Part II of this essay deals with the following points in comparison. 3) What is the cosmic structure like beyond the planet Saturn? 4) Is the celestial region corruptible or incorruptible? Is it solid or fluid? Where are comets and novas located in the celestial region? Both Gomez and Conimbricenses assigned a precession of the equinoxes to the eighth sphere and a trepidation to the ninth sphere in their overall eleven-sphere cosmology. In contrast, Clavius assigned a precession of the equinoxes to the eighth sphere and the Copernican two librations to the ninth and the tenth spheres in his twelve-sphere cosmology. While Calvius's De sphaera grappled with novas and comets that challenged the defenders of traditional views. Jesuit cosmologies taught both in Portugal and Japan can be characterized as Renaissance Aristotelianism yet to incorporate the new diseoveries made by Tycho Brahe and others. However, much of their astronomical information was unknown to the majority of the Japanese at that time and could have contributed tremendously if the religio-political situations had been otherwise.

    愛知工業大学研究報告. A, 基礎教育センター論文集 36, 93-103, 2001-03-31

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  • イエズス会日本コレジオの宇宙論講義(1) (総合教育教室)

    森 ゆかり

    Despite the severe persecution of the Christians by the Japanese government, the Jesuit missionary, Pedro Gomez( : 1535-1600) compiled the astronomy lectures entitled De sphaera (1593) to instruct the students at the Jesuit college in Japan. Back in Europe. Jesuit scholars were very productive in astronomical publications. One example was the commentary of Sacrobosco's De sphaera by Christopher Clavius (1537-1612) and another was the commentary of Aristotle's De coelo, by a group of Jesuit scholars at the University of Coimbra, Portugal. Coimbra was exactly the place where Gomez served as a lecturer for eight years before he left the country for his overseas missions. In this paper, I will compare the cosmologies of Gomez and of his contemporary Jesuits in terms of the following points. l) What is the shape of the Empyrean heaven, supposedly the outermost surface of the universe? 2) What causes the celestial motions? Gomez's De sphaera and the Coimbra commentary of De coelo shared some distinct characteristics in common, such as the cubic shape of the outer surface of the Empyrean heaven and the angelic intellect as the motive force of the celestial spheres. The rest of the comparisons are to follow in Part II of this essay.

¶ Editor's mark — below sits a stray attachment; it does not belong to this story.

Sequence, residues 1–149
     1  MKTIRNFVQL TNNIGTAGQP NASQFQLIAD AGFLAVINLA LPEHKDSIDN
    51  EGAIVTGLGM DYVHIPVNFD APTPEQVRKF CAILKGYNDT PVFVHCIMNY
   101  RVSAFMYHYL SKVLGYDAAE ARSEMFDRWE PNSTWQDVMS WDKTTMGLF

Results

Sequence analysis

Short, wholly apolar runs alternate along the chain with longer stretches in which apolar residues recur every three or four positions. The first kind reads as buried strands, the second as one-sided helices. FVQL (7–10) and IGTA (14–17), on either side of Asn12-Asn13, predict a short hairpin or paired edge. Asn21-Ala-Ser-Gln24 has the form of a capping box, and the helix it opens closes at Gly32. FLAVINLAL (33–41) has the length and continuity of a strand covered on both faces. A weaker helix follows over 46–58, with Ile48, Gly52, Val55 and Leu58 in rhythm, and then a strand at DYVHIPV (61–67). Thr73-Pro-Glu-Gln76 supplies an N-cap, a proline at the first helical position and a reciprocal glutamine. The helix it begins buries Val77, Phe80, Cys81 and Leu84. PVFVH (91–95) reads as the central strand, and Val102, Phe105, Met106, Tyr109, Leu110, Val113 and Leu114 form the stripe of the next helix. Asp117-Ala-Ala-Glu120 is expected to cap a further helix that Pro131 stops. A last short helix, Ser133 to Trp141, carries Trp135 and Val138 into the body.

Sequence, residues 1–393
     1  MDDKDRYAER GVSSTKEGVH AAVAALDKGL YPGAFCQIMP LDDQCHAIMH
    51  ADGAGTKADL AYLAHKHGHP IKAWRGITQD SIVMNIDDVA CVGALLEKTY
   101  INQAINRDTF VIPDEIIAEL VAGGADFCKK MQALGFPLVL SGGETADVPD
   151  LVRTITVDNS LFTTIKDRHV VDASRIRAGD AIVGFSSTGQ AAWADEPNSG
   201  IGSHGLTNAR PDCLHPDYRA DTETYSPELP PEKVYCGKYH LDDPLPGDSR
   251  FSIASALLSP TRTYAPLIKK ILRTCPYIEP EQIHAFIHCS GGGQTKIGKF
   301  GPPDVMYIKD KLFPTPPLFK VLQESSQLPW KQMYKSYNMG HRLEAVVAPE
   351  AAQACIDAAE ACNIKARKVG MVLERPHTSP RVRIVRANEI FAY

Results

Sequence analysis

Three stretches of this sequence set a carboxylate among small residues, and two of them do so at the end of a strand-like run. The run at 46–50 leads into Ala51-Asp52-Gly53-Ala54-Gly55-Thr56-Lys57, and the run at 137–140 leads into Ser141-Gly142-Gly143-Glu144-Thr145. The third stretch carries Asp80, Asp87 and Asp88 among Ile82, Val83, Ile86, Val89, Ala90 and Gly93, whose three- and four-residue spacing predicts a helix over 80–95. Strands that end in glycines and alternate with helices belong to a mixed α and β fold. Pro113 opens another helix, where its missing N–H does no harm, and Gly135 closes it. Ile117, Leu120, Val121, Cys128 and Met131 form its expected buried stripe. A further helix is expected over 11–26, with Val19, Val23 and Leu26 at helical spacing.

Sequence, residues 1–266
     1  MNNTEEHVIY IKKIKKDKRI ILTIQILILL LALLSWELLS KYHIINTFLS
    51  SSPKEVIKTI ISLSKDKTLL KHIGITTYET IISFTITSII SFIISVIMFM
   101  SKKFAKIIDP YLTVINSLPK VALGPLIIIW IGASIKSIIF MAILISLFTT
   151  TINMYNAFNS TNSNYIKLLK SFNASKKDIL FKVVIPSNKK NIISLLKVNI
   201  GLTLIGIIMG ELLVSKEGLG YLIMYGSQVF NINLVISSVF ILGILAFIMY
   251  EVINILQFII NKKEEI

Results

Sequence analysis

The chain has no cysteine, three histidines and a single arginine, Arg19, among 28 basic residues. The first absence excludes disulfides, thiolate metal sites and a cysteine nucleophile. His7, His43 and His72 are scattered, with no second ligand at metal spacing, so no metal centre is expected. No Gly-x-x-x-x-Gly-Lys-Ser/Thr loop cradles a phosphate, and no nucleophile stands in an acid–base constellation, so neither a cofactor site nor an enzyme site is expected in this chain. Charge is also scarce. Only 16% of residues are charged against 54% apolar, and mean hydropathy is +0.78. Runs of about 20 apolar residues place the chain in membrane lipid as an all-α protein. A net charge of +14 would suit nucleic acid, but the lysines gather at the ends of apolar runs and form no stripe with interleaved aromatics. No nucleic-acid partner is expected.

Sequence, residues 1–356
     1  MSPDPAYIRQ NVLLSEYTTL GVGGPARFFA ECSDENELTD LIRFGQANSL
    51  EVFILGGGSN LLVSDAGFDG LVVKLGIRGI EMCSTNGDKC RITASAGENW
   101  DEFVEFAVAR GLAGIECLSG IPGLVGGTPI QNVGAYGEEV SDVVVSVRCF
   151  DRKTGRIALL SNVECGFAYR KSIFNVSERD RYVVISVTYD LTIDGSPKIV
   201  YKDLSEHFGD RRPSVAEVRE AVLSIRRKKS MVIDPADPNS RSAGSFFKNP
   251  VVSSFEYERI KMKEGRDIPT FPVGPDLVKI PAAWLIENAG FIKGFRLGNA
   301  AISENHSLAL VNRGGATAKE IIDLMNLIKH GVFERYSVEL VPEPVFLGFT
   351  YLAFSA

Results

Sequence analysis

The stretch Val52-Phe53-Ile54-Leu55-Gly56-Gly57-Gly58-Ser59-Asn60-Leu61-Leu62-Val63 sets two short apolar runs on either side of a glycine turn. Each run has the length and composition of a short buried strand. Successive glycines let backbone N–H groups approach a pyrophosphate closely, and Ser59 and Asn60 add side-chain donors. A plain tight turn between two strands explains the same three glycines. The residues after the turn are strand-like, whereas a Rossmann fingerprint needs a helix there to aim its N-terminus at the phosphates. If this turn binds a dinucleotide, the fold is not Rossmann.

愛知工業大学研究報告. A, 基礎教育センター論文集 36, 81-92, 2001-03-31

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  • 寛永鎖国と宣教師の入国問題 : イエスズ会巡察師A・ルビノ一行の日本入国事件を中心に

    清水 有子

    はしがき一 巡察師ルビノの日本布教方針二 マカオ使節の処刑と日本布教の決意三 日本密入国の意味四 日本密入国の実行過程と日本側の対応あとがき

    史学 69(2), 235-261, 2000-03

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  • 海外所在の日本歴史資料について(I)

    塙 叡 , Akira HANAWA , 東京工芸大学工学部

    東京工芸大学工学部紀要. 人文・社会編 = The Academic Reports, the Faculty of Engineering, Tokyo Polytechnic University 8, 82-67, 1987


  • キリシタン教会の財務担当パードレについて

    高瀬 弘一郎

    In the age of early Christianity in Japan the Society of Jesus had a procurador, father procurator who occupied himself with financial affairs. Clarifying the functions of the procurador would be one of the ways to understand the actual activities of the Christian mission in Japan. The procuradores of the Socidty of Jesus in Japan were appointed not only in Japan but also in Macao, Malacca, Goa, Lisbon and Madrid, and the one at Nagasaki is treated in this article. At first an effort is made to specify the names of the procradores and the dates of their taking and leaving the office. Next I treat the principal tasks imposed upon the procurador at Nagasaki, referring largely to the document, among some otihers, entitled "Regras do procurador de Japao", ("The regulations of the Procurador of Japan") made by the father visitor Alessandor Valignano in 1591 and revised and enlarged later by his successor Francisco Pasio. The procurador's tasks contained not only such ordinary businesses as providing and supplying money and necessaries, keeping books, etc., but also those which required more economic insights. Attending to the balance of accounts, he had to make an effort to increase the resources of the Society of Jesus in Japan, and he managed the trade which was one of the most important sources of income. Moreover, he acted as an intermediary for the Japanese trade with Macao. In addition he took a considerable part in determining the pancada, price at which the Portuguese merchants sold silk at Nagasaki. Especially the last two tasks mentioned above were completely external ones, and they indicates that the Christian missionaries had a deep relation to the Portuguese commerical activities. It can be said that such way of the Jesuit missionary works in Japan, in which the trade was involved in the activities of Church, was manifested intensively in the tasks of the procurador.

    社会経済史学 41(2), 105-130,210, 1975